The Curse of the Mummy’s Tomb (1964)

The theme this week is “movies I’ve been dragging my feet on watching.” We start by opening the tomb of Mummy Mondays, an event that’s been collecting dust since early March. Back before the coronavirus, I’d have people over at my house every Monday for Movie Night, a tradition we had been keeping for over a decade. But actually contracting the virus, social distancing, and high risk jobs have done what years couldn’t do: Movie Night is on indefinite hold. I could’ve watched these Mummy movies by myself at any point, but it’s the principle of it, you know? Reviewing this alone means I finally admit that I have no idea when we’ll all get together again. But here this is, for better or worse. Mummy Mondays are back! Hooray…

The Curse of the Mummy’s Tomb (or Curese as my blu-ray case reads) takes place in 1900 with the discovery of the tomb of Ra-Antef. Our main characters are John, a very dull and very British man, and the lovely Annette, his fiancée. When criminals target the people involved with the opening of the tomb, one of them is stopped by Adam Beauchamp (pronounced BEE-chum) who befriends the duo and begins seducing Annette under John’s stuffy nose. She explains to Adam the story of Ra and his twin brother, Be (TVTropes says his name is “Re” but that’s absolutely wrong, I double checked the script), and how Be was responsible for Ra’s death. When the American financial backer goes to present the mummy as an attraction, it’s missing! Who could be responsible? Possibly Hashmi Bey, played by the same actor as the last movie’s villainous Mehemet Bey? Nah, he’s a good guy, and he and John suspect Adam is responsible. After the death of a couple people by the Mummy–including Hashmi, who gets his head stepped on and not one of the 7 or so people around him even try to help–they suspect Adam. And they were right, as it turns out Adam is actually Be! The name was a giveaway, as was everything else about him. Turns out he was cursed by his father for ordering the death of Ra, and he can only be killed by Ra’s hand. His plan now is to have Ra kill Annette, and then Ra kills him so the lovebirds can be together in death. But Ra resists the order, killing Adam and burying himself in rubble. Annette is alive, but probably doomed to a life of missionary sex with John.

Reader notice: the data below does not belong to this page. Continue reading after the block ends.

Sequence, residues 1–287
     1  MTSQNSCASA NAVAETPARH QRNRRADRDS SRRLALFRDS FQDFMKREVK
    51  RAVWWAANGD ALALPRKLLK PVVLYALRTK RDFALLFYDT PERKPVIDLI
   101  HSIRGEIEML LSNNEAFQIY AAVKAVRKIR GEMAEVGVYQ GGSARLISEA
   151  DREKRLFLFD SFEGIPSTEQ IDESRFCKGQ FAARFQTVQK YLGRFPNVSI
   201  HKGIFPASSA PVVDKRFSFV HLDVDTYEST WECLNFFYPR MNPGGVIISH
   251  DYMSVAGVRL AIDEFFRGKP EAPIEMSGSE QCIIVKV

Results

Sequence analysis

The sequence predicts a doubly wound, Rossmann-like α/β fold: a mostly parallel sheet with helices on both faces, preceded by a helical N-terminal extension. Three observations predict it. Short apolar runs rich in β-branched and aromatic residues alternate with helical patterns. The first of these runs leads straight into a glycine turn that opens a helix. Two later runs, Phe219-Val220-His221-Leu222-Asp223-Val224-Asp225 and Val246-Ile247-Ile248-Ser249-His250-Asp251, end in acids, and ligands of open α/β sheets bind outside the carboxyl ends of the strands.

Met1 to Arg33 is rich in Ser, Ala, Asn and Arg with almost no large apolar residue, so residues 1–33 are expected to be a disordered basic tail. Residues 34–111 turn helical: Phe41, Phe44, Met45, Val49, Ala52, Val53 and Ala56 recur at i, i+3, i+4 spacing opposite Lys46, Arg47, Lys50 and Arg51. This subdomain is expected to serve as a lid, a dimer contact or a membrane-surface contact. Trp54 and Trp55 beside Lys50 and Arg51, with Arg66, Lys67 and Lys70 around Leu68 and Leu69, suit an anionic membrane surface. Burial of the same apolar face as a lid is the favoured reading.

I gotta say, it’s a bit refreshing to not have the female lead be the reincarnation of the Mummy’s past love! Here she’s just a beauty that the hedonistic Adam/Be falls for. And her seduction isn’t so much the work of evil, but that John just ignores her so much. It’s believable, is what I’m saying. But not everything’s halfway decent characterizations; one recurring gag is the lower class working poor being just… low class? We keep cutting to laborers as comic relief, at one point even doing a burp joke. And there’s also the brief appearance of Hashmi’s landlady bickering with her husband. Like… was this supposed to be funny? I have more in common with them than any of the high society main characters. What I’m trying to say is worker solidarity and either eat the rich, or have a mummy kill them.

MUMMY FUN FACT! This movie has the same title as the fifth Goosebumps book, The Curse of the Mummy’s Tomb. That book even had a sequel, Return of the Mummy, which came out before The Mummy Returns, so it’s possible Stephen Sommers actively avoided having his movie titled the same as a children’s book (something R.L. Stein obviously didn’t do the reverse of). Curse of the Mummy’s Tomb was also the title of a 1988 board game by Games Workshop, creators of Warhammer 40,000.


Follow Me on Social Media

One thought on “The Curse of the Mummy’s Tomb (1964)

  1. Pingback: The Mummy’s Shroud (1967) – Chwineka Watches

Leave a Reply

Fill in your details below or click an icon to log in:

WordPress.com Logo

You are commenting using your WordPress.com account. Log Out /  Change )

Google photo

You are commenting using your Google account. Log Out /  Change )

Twitter picture

You are commenting using your Twitter account. Log Out /  Change )

Facebook photo

You are commenting using your Facebook account. Log Out /  Change )

Connecting to %s